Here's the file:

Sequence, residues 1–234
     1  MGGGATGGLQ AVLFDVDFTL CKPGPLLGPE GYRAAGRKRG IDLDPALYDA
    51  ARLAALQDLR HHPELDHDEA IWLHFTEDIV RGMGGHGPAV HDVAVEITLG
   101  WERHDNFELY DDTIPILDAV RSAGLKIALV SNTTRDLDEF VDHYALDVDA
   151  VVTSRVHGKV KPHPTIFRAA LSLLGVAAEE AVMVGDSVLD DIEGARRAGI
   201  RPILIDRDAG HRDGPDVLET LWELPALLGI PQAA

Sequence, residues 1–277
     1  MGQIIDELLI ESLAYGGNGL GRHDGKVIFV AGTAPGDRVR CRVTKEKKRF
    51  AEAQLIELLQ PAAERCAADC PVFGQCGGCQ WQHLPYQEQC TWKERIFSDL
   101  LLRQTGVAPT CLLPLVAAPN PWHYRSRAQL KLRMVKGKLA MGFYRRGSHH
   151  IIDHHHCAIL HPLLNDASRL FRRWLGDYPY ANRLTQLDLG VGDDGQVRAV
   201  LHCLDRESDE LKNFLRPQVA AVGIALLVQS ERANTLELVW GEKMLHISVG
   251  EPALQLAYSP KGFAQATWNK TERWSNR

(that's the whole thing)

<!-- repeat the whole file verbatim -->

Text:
Sequence, residues 1–234
     1  MGGGATGGLQ AVLFDVDFTL CKPGPLLGPE GYRAAGRKRG IDLDPALYDA
    51  ARLAALQDLR HHPELDHDEA IWLHFTEDIV RGMGGHGPAV HDVAVEITLG
   101  WERHDNFELY DDTIPILDAV RSAGLKIALV SNTTRDLDEF VDHYALDVDA
   151  VVTSRVHGKV KPHPTIFRAA LSLLGVAAEE AVMVGDSVLD DIEGARRAGI
   201  RPILIDRDAG HRDGPDVLET LWELPALLGI PQAA

Sequence, residues 1–277
     1  MGQIIDELLI ESLAYGGNGL GRHDGKVIFV AGTAPGDRVR CRVTKEKKRF
    51  AEAQLIELLQ PAAERCAADC PVFGQCGGCQ WQHLPYQEQC TWKERIFSDL
   101  LLRQTGVAPT CLLPLVAAPN PWHYRSRAQL KLRMVKGKLA MGFYRRGSHH
   151  IIDHHHCAIL HPLLNDASRL FRRWLGDYPY ANRLTQLDLG VGDDGQVRAV
   201  LHCLDRESDE LKNFLRPQVA AVGIALLVQS ERANTLELVW GEKMLHISVG
   251  EPALQLAYSP KGFAQATWNK TERWSNR